Apparently it is a part of the developmental process. The paperwork given to me by my mental health counselor -- if  you don't have one you should totally get one -- shows that it is a child's job to separate from their parents. My personal experience is that it is especially painful or dramatic between mothers and daughters and compounded exponentially between Menopausal Moms and hormonal teen.
No one told me.
Ok, that is not true. A couple of people told me and I didn't believe them. One of the them was the sweetest, kindest, most Christian woman I know. She swore her daughters were terrible as teens. She didn't recognized them. The got better when they were young adults. I didn't believe her. Her family was so adorable it couldn't be true. They looked like the families that come in pictures frames when
you buy them at fancy stores.
My fellow Menopausal Mom, Kim, told me of the Dark Times with her now grown, and awesome, children. She also said it will fade and my girl will come back to me.
I'm not sure I believed that either.
So, I have been taking two informal polls in the last few weeks. One is of mothers whose daughter's recently travailed adolescence. I don't even have to really know you. I just have to know you have a young adult child. I just say something like: My daughter and I are at that stage where she acts like she hates me.
They nod and look sympathetic.
The other is among any unfortunate young woman who I encounter between the ages of 20 and 35. Did you hate your mother at 15? I ask. They all say yes.
What about now?
Generally, it's something like "Oh, I totally love her, I talk to her every day. She's in Bolivia and we FaceTime every night."
So I take some solace.
This being the holiday season every sitcom I watched this week seemed to have an over reaching mother shaming, begging, manipulating their children to spend time with them And, sitcoms being what they may, in each instance the child, often grudgingly but most genuinely as a sitcom can manage will see -- gosh darn it-- I love my Mom too much not to spend an evening
around the Christmas tree with her if that's her hearts desire.
Oh, if life were wrapped up like a sitcom.
But I realize I have to adjust my thinking. This developmental stage isn't personal.
When my girl was a baby and she cried I didn't think "that cry is a indictment of my skills as a
mother". No, I tried to help her. I tried to figure it out. I put myself second and worked for the better of both of us. And that's what I need to do now.
I never thought of myself as one of those moms who saw herself first as her kid's friend. But maybe it slipped that way. Maybe I thought I was protecting her by letting of some things I need her to do ...like chores or listening or being respectful because overall she is a great kid.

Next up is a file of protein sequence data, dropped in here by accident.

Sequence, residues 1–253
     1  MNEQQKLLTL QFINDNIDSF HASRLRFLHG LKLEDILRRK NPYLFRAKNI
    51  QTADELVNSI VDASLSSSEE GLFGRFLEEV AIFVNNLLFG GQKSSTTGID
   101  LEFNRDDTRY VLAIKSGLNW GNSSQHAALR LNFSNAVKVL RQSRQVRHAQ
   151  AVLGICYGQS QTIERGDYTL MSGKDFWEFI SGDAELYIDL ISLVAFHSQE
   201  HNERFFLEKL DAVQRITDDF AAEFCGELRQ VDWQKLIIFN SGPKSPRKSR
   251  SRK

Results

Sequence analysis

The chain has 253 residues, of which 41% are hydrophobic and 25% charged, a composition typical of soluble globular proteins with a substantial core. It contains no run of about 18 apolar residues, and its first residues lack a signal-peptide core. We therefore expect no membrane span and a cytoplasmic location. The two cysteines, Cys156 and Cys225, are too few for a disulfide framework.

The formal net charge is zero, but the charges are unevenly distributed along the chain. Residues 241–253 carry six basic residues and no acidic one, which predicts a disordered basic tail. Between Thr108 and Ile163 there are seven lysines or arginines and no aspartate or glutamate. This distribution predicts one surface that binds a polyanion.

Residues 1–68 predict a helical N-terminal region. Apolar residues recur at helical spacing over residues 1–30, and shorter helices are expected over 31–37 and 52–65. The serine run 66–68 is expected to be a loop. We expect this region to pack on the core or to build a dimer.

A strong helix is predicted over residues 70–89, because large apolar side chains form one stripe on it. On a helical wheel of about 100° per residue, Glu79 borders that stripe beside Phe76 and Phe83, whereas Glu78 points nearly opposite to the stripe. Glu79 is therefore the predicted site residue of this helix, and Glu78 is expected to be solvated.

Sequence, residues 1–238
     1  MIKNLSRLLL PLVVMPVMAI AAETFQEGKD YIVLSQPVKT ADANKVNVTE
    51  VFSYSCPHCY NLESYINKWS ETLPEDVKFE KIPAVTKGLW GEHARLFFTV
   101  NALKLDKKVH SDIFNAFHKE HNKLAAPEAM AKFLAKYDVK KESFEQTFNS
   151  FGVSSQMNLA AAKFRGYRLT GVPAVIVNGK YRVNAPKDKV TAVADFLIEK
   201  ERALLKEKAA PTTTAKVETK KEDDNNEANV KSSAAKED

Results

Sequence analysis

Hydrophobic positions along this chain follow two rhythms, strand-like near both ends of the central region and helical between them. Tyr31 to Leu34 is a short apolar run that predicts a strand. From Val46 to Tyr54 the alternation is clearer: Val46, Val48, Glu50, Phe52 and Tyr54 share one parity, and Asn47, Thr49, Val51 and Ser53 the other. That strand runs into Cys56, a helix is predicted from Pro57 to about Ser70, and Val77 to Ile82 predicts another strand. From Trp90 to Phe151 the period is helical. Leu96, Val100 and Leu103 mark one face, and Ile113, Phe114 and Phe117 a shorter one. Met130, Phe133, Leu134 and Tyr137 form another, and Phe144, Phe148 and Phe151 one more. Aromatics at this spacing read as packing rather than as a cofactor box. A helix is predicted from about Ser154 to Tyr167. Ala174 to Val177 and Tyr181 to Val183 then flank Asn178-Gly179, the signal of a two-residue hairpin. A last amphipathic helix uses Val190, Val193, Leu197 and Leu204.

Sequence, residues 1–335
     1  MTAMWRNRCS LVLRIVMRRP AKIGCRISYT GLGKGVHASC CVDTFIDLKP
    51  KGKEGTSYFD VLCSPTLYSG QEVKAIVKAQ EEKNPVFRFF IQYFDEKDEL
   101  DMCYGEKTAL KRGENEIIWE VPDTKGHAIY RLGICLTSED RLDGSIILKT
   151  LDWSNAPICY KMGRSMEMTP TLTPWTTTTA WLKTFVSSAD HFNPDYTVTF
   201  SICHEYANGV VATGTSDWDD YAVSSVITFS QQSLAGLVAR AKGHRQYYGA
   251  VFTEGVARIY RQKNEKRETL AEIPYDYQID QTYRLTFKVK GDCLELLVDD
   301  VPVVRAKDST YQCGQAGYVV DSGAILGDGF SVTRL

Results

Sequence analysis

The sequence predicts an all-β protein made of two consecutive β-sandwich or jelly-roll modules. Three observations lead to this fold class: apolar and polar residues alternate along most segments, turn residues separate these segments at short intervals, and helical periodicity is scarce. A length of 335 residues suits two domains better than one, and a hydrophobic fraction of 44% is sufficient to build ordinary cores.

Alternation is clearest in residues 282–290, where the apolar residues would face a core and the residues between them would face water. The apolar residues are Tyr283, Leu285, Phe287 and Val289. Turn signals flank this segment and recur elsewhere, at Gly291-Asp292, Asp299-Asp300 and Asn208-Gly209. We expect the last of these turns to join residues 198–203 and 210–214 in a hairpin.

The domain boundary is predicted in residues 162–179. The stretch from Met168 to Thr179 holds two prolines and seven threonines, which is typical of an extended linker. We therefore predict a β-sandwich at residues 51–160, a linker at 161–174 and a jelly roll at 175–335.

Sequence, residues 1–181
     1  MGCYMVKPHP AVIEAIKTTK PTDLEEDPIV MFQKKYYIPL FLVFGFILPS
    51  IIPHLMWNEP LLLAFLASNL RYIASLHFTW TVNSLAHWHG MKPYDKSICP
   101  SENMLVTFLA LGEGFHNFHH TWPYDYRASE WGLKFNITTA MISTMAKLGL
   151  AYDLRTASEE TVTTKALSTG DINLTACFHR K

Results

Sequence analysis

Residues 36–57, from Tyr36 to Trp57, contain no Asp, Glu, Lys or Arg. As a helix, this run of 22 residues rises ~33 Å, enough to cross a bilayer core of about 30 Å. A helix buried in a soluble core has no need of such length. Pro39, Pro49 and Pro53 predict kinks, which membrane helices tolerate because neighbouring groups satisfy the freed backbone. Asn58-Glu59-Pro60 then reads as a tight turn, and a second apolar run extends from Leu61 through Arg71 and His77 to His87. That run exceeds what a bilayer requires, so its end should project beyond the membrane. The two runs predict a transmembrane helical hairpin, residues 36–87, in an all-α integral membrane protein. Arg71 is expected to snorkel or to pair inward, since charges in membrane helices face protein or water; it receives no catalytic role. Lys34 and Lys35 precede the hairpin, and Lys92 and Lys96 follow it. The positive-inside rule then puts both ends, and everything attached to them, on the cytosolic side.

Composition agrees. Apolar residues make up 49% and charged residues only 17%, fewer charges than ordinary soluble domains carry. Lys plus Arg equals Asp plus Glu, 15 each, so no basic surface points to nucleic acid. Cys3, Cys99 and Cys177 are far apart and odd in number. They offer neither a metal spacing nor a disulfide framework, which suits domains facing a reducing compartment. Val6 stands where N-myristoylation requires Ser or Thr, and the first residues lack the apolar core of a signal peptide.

But, apparently, according to my mental health professional, she needs something to push against.
That is me.
So here is my job. She pushes, I stay firm. She hurts me and I let it go.
I set a rule and I stick to it.
It is a little trickier because part of this for me is saying no, setting boundaries and making her accountable so she can be an accountable adult. I was really good at setting boundaries for her when she was little. Even when she would push. Because I could see it clearly. Don't touch the stove you will get burned. No matter how much you want to touch the stove the answer is still no.
And now it is the same. The lines are just more involved. But I will figure it out although I could use some suggestions.
And I know, and I should have known all along, we are family and we will work it out. It might be a couple of years, apparently, but it will work out.
Polls don't lie.



Wednesday, December 24, 2014

Merry Mushy Christmas!




Maybe it’s my menopausal emotional mood swings?

Maybe it's because I turned 50!

Maybe it is celebrating Christmas without my children all together this year? 

Maybe it’s the fact my dad has been gone a year this month, and I want to hug him so much?  I would love to hear him say, “Hey Sissy,” just one more time. 


Maybe it is all of the heart-wrenching CHRISTmas videos I am seeing on Facebook?  I don’t know what is doing this to me?  But, I am a mushy mess!  Christmas is such an emotional time. 

Last week, I was taking pictures at our church of Santa reading the story of Christ’s birth to the children.  Santa asked the children if they knew the true meaning of Christmas, and one little boy stood up and yelled, “Jesus!”  Wow!  Out of the mouths of babes!  The church erupted in clapping.  He brought a big smile to my face.







Later in the service, the children went downstairs to celebrate the birthday of Jesus.  They were gathered around a table playing with various toys.  But, while they were doing this, they were singing, “Happy birthday Jesus…I’m so glad it’s Christmas.”  (If you don’t know the song, check the link below.)  I couldn’t help but tear up.  And as a photographer, it is quite difficult to take pictures while boo-hooing like a toddler who just got time-out.


This has been my emotional rollercoaster for the last 7 days…up and down.  One minute I am laughing hysterically, and the next I’m sobbing into what is now the third box of Kleenex I have opened this week.

Tears, however, are not always a bad thing.  The first video I watched on Facebook this morning was of children who were given an early Christmas present.  This present was their father returning home from serving overseas.  I cried like a baby!  But, those tears were happy tears.  Those children were crying too, but everyone involved was happy.